procedure” is necessary. Id. at 165-67.
judgment is generally inappropriate “where the parties
have not had an opportunity for reasonable discovery.”
E.I. du Pont de Nemours & Co. v. Kolon Indus.,
Inc., 637 F.3d 435, 448-49 (4th Cir. 2011); see
Putney v. Likin, 656 Fed. App'x 632, 638 (4th Cir.
2016) (per curiam); McCray v. Maryland Dep't of
Transportation, 741 F.3d 480, 483 (4th Cir. 2015).
However, “the party opposing summary judgment
‘cannot complain that summary judgment was granted
without discovery unless that party had made an attempt to
oppose the motion on the grounds that more time was needed
for discovery.'” Harrods Ltd. v. Sixty Internet
Domain Names, 302 F.3d 214, 244 (4th Cir. 2002) (quoting
Evans v. Techs. Applications & Serv. Co., 80
F.3d 954, 961 (4th Cir. 1996)); see also Dave &
Buster's, Inc. v. White Flint Mall, LLLP, 616 Fed.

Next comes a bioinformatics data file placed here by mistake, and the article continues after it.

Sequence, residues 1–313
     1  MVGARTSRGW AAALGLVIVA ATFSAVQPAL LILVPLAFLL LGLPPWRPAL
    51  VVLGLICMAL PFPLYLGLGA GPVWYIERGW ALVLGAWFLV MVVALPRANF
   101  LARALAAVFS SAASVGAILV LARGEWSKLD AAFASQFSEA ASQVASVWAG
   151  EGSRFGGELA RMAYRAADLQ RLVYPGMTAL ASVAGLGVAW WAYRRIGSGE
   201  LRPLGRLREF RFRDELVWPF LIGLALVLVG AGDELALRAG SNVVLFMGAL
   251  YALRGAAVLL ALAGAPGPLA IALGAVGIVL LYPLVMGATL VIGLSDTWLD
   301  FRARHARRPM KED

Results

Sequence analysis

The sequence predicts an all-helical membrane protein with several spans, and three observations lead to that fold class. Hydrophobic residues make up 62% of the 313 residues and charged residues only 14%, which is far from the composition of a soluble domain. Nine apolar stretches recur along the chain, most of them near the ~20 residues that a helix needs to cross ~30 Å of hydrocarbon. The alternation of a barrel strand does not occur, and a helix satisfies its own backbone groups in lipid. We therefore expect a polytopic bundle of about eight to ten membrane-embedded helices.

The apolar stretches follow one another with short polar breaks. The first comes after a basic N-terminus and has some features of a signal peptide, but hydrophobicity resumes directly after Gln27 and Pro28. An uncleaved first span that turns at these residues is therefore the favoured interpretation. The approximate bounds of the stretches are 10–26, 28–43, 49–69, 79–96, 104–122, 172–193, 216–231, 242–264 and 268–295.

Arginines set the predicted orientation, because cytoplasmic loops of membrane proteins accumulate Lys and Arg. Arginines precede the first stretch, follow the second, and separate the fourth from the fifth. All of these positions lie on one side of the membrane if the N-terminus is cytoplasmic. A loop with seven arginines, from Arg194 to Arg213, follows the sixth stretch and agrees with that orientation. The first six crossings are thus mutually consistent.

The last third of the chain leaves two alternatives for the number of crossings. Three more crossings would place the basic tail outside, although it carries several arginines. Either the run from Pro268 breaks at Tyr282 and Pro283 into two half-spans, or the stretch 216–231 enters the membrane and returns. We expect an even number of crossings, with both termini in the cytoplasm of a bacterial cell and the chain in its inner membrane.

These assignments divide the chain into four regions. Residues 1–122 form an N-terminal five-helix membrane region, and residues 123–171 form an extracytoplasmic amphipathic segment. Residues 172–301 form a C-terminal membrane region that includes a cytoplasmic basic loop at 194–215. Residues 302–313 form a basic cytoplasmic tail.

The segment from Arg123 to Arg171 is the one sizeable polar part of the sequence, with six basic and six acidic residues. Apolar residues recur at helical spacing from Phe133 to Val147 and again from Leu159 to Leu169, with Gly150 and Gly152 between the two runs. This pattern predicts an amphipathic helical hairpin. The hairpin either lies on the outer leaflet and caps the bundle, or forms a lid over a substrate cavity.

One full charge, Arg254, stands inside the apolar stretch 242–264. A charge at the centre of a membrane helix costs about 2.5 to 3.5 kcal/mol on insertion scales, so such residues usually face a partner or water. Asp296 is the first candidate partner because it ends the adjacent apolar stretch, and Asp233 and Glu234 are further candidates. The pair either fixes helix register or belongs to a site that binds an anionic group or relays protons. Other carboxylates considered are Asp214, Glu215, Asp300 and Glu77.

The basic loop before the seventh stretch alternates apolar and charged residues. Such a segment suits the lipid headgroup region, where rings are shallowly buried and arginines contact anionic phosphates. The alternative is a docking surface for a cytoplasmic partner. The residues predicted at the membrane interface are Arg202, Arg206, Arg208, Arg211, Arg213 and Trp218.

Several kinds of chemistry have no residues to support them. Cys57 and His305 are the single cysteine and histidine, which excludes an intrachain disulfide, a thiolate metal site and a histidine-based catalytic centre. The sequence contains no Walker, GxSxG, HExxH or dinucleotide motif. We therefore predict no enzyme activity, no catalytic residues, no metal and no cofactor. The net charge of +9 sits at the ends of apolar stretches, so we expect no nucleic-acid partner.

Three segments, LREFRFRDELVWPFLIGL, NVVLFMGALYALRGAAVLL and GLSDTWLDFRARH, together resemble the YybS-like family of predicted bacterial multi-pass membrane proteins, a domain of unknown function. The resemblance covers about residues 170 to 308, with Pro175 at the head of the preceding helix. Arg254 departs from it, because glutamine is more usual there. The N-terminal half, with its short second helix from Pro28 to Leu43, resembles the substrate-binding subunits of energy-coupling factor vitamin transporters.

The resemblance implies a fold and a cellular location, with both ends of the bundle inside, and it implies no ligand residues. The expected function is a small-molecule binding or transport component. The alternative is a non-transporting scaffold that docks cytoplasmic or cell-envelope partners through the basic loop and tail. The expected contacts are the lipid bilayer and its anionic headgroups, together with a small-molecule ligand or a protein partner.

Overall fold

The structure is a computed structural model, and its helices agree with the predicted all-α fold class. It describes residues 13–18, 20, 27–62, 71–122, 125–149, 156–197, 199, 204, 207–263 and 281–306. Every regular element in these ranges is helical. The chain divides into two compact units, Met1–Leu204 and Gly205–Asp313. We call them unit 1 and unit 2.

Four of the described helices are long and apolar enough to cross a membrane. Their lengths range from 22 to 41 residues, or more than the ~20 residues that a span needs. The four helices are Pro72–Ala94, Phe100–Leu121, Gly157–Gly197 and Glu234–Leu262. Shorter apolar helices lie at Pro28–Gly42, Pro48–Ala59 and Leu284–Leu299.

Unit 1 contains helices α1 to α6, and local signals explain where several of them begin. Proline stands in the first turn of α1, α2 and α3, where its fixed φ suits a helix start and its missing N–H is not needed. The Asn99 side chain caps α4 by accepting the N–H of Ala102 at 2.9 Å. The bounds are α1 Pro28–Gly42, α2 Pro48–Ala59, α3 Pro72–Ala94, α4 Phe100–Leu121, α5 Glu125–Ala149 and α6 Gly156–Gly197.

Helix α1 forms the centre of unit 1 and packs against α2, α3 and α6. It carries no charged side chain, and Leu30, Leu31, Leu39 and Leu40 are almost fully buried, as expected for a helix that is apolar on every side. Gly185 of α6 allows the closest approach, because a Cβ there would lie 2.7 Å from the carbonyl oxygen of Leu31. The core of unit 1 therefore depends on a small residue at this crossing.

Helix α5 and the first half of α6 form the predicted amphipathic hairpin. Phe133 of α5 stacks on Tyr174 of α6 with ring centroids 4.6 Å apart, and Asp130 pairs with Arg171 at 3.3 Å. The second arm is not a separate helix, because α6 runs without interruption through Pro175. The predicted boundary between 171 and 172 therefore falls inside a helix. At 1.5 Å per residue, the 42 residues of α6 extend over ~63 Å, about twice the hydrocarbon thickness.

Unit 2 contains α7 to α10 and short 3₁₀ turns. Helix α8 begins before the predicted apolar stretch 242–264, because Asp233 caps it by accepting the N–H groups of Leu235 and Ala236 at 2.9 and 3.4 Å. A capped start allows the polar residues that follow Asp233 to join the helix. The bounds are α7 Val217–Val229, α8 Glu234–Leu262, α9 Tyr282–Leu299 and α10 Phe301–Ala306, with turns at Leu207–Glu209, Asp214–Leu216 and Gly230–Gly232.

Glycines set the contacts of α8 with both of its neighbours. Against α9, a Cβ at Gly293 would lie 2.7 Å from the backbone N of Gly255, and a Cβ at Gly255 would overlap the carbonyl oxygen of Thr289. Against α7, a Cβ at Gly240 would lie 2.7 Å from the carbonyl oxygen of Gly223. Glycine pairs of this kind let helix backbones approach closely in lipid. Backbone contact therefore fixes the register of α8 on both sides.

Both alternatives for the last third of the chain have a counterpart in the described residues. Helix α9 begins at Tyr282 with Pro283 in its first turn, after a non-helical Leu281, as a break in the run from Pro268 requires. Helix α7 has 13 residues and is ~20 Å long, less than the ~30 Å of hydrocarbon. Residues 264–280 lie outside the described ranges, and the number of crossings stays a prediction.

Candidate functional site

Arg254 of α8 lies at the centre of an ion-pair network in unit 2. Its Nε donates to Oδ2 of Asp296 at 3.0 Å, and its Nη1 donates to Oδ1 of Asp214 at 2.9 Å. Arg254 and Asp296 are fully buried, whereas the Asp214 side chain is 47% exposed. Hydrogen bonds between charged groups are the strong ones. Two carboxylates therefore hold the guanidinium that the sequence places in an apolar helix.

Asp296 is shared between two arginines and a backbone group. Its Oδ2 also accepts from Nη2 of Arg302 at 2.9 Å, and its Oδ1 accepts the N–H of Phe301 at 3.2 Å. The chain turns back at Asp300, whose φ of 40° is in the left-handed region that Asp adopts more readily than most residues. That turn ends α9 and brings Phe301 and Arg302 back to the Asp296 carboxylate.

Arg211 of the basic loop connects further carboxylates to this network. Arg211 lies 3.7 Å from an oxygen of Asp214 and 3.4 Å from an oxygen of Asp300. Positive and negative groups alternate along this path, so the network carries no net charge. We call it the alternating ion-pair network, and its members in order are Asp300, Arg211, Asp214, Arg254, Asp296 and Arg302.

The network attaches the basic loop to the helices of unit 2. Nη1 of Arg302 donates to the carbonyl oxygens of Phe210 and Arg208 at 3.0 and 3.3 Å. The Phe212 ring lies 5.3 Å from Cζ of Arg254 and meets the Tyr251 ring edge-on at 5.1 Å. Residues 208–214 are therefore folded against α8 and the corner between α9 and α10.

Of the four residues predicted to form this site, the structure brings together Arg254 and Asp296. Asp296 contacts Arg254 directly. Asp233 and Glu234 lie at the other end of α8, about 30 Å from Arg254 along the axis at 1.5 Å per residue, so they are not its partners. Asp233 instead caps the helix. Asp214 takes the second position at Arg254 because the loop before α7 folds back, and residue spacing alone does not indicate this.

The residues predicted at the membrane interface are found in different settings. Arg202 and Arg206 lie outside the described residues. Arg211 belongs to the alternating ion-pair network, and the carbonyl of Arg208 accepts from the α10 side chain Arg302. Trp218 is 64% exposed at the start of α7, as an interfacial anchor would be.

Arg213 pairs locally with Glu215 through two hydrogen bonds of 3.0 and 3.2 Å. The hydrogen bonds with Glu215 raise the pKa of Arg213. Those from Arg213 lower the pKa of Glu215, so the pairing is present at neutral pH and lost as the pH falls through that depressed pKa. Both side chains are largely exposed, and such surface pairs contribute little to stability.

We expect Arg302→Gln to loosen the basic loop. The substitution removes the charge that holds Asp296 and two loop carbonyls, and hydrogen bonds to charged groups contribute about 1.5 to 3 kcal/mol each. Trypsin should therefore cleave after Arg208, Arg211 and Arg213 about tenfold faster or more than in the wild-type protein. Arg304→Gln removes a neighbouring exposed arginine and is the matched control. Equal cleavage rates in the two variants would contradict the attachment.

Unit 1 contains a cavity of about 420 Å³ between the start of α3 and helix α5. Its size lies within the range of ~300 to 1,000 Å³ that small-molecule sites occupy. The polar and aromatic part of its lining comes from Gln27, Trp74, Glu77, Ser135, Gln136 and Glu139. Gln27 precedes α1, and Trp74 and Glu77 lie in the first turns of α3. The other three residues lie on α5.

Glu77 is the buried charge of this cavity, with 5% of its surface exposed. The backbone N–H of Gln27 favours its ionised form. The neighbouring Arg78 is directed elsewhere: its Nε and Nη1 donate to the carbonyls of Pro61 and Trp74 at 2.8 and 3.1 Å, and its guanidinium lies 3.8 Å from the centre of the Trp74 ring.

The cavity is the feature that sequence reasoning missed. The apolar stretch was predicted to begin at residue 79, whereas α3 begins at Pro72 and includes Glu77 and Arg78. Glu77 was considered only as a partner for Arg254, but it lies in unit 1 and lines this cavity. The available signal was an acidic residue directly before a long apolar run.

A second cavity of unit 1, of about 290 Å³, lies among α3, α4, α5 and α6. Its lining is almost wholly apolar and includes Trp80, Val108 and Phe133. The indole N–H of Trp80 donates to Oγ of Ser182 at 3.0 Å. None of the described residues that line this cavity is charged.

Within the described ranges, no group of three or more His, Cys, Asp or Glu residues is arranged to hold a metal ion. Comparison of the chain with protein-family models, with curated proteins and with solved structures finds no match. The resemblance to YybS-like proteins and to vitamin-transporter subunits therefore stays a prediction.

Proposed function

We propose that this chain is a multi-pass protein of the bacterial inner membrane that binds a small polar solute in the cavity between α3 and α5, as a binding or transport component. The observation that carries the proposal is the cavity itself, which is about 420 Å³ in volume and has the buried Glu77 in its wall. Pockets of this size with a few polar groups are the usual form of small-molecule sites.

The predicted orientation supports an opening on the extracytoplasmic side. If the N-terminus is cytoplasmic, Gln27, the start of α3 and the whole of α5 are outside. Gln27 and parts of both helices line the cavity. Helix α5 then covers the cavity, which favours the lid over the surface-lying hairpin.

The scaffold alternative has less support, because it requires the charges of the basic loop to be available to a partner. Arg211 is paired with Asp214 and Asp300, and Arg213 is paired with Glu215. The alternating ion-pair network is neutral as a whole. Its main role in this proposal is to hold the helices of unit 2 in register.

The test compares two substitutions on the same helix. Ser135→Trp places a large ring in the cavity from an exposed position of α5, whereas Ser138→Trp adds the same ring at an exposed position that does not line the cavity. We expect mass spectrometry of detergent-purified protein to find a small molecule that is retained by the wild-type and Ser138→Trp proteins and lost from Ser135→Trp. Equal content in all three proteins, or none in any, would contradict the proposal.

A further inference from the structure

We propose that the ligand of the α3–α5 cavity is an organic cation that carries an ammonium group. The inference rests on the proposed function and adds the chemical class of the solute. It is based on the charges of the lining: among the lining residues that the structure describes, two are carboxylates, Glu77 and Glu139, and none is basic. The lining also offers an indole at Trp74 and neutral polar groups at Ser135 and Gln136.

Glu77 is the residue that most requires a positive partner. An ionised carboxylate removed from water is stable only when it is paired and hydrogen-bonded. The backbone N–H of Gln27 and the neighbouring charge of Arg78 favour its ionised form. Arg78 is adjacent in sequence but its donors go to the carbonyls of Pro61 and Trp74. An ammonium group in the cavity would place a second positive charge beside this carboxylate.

App'x 552, 561 (4th Cir. 2015).
raise adequately the issue that discovery is needed, the
nonmovant typically must file an affidavit or declaration
pursuant to Rule 56(d) (formerly Rule 56(f)), explaining why,
“for specified reasons, it cannot present facts
essential to justify its opposition, ” without needed
discovery. Fed.R.Civ.P. 56(d); see Harrods, 302 F.3d
at 244-45 (discussing affidavit requirement of former Rule
56(f)). “[T]o justify a denial of summary judgment on
the grounds that additional discovery is necessary, the facts
identified in a Rule 56 affidavit must be ‘essential to
[the] opposition.'” Scott v. Nuvell Fin.
Servs., LLC, 789 F.Supp.2d 637, 641 (D. Md. 2011)
(alteration in original) (citation omitted). A nonmoving
party's Rule 56(d) request for additional discovery is
properly denied “where the additional evidence sought
for discovery would not have by itself created a genuine
issue of material fact sufficient to defeat summary
judgment.” Strag v. Bd. of Trs., Craven Cmty.
Coll., 55 F.3d 943, 954 (4th Cir. 1995); see McClure
v. Ports, 914 F.3d 866, 874-75 (4th Cir. 2019);
Gordon v. CIGNA Corp., 890 F.3d 463, 479 (4th Cir.
2018); Amirmokri v. Abraham, 437 F.Supp.2d 414, 420
(D. Md. 2006), aff'd, 266 Fed.Appx. 274 (4th
Cir. 2008), cert. denied, 555 U.S. 885 (2008).
nonmoving party believes that further discovery is necessary
before consideration of summary judgment, the party fails to